"The US Fish and Wildlife Service and the Vermont Department of Fish and Wildlife monitor smelt populations in Lake Champlain. They have not seen any changes in smelt numbers outside the 'normal' levels of fluctuation seen prior to the alewife introduction," Durfey said.
The poor ice fishing catch might have more to do with localized smelt distributions or turbidity, he said.
"In previous years we have observed poor smelt fishing when the water in the Westport and Port Henry areas has become cloudy. But those are just possibilities - we don't really know the cause of the poor fishing, but we do know it was not because there weren't smelt in the lake."
Pientka did acknowledge that alewives are starting to inhabit "margin" areas traditionally inhabited by smelt, which forces smelt to other areas. As an example, he said alewives tend to congregate in warmer regions - like shallow water in summer and deeper water in winter. This drives out the smelt and changes the pattern of forage fish like perch and lake trout.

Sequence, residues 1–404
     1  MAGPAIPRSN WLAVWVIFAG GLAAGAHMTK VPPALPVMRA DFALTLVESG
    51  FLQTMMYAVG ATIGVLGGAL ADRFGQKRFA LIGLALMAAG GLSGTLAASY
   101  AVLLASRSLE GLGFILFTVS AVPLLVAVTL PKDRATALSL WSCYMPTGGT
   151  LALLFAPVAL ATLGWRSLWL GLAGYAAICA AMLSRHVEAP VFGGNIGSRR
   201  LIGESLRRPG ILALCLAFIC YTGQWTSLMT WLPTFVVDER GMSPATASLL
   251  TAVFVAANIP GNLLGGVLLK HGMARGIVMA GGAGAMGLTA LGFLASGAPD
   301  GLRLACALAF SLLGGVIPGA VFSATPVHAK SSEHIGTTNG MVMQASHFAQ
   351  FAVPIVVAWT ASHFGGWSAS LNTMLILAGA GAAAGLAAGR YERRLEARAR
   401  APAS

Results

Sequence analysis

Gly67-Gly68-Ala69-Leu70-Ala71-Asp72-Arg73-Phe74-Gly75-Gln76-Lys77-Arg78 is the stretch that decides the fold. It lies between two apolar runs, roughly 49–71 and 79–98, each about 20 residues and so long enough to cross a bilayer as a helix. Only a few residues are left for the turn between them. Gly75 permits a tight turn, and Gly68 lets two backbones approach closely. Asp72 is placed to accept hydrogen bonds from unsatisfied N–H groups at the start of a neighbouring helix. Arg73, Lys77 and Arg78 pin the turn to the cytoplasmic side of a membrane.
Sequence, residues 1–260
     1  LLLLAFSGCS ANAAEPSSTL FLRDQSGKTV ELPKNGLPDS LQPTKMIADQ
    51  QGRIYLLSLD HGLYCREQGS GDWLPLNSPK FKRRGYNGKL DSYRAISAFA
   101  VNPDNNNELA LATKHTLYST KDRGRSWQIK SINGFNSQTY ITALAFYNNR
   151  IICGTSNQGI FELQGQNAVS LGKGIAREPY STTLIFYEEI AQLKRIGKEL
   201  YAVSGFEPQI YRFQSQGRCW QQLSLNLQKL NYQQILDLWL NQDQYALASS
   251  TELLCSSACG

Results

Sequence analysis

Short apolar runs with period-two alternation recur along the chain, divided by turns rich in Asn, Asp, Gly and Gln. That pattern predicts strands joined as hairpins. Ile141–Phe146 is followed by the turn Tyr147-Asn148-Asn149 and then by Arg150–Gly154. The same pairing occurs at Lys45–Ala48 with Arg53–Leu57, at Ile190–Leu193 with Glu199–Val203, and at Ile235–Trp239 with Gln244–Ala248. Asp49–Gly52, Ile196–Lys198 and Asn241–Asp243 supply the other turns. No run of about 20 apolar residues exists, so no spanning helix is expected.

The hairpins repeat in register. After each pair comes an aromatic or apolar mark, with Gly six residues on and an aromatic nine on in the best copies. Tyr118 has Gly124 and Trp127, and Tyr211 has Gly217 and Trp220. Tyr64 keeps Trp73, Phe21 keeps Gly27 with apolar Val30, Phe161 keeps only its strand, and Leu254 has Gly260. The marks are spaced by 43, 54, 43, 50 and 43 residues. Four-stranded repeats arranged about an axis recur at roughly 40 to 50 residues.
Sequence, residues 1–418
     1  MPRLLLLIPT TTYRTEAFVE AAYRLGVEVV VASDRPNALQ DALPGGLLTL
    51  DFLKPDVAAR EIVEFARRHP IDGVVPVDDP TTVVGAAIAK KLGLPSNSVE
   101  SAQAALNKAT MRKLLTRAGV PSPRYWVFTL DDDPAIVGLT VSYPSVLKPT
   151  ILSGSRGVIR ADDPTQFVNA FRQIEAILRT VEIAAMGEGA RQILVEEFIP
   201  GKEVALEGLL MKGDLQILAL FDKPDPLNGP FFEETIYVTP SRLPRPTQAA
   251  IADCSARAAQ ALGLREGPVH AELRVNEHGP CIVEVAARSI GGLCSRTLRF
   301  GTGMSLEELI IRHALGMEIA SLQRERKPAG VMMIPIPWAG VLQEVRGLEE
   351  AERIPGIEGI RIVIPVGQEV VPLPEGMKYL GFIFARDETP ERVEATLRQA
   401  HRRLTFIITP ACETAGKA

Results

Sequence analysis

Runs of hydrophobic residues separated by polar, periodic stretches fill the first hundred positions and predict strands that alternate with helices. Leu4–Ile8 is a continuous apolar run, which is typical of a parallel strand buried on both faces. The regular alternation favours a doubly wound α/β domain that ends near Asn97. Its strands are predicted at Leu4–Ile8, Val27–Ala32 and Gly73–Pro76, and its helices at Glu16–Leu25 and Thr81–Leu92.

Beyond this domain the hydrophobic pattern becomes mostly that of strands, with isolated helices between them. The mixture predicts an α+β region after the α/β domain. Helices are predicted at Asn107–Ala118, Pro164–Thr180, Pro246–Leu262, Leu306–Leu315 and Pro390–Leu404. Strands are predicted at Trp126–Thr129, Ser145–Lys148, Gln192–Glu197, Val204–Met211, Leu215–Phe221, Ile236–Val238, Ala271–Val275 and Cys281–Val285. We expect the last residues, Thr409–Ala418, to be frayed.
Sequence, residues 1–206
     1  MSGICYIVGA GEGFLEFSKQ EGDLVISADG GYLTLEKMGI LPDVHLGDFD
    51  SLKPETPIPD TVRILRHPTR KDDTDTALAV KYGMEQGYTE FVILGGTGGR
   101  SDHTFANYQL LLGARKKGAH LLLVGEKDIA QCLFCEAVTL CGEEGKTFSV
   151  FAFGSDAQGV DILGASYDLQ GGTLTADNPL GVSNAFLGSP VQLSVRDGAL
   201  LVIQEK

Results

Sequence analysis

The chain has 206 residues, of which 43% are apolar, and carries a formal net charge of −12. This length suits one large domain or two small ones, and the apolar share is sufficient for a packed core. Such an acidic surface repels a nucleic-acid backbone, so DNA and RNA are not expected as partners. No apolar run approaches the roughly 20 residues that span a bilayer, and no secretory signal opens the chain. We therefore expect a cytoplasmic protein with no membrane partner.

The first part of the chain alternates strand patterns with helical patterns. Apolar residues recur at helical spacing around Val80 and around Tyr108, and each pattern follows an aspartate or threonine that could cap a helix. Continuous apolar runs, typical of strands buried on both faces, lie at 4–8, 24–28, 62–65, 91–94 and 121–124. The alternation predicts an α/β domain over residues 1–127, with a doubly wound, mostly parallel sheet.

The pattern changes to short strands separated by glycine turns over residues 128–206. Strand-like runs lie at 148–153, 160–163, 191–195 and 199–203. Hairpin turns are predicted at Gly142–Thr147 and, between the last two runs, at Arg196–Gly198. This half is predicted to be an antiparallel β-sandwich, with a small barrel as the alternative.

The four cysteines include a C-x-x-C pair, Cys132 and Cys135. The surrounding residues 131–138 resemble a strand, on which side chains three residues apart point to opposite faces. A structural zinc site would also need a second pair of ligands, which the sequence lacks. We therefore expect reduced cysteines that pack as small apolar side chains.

Pientka concurred, however, that biologists are somewhat stumped as to why catches are down so dramatically.
Also lacking is a full study documenting characteristics of fish populations in winter, Pientka said.
"We're trying to figure it out," he said. "It's really tough when these new species show up because we have very little historical data to draw from."
"We basically are forced into a 'wait and see' approach," he said.
John Gereau is managing editor of Denton Publications. He can be reached at firstname.lastname@example.org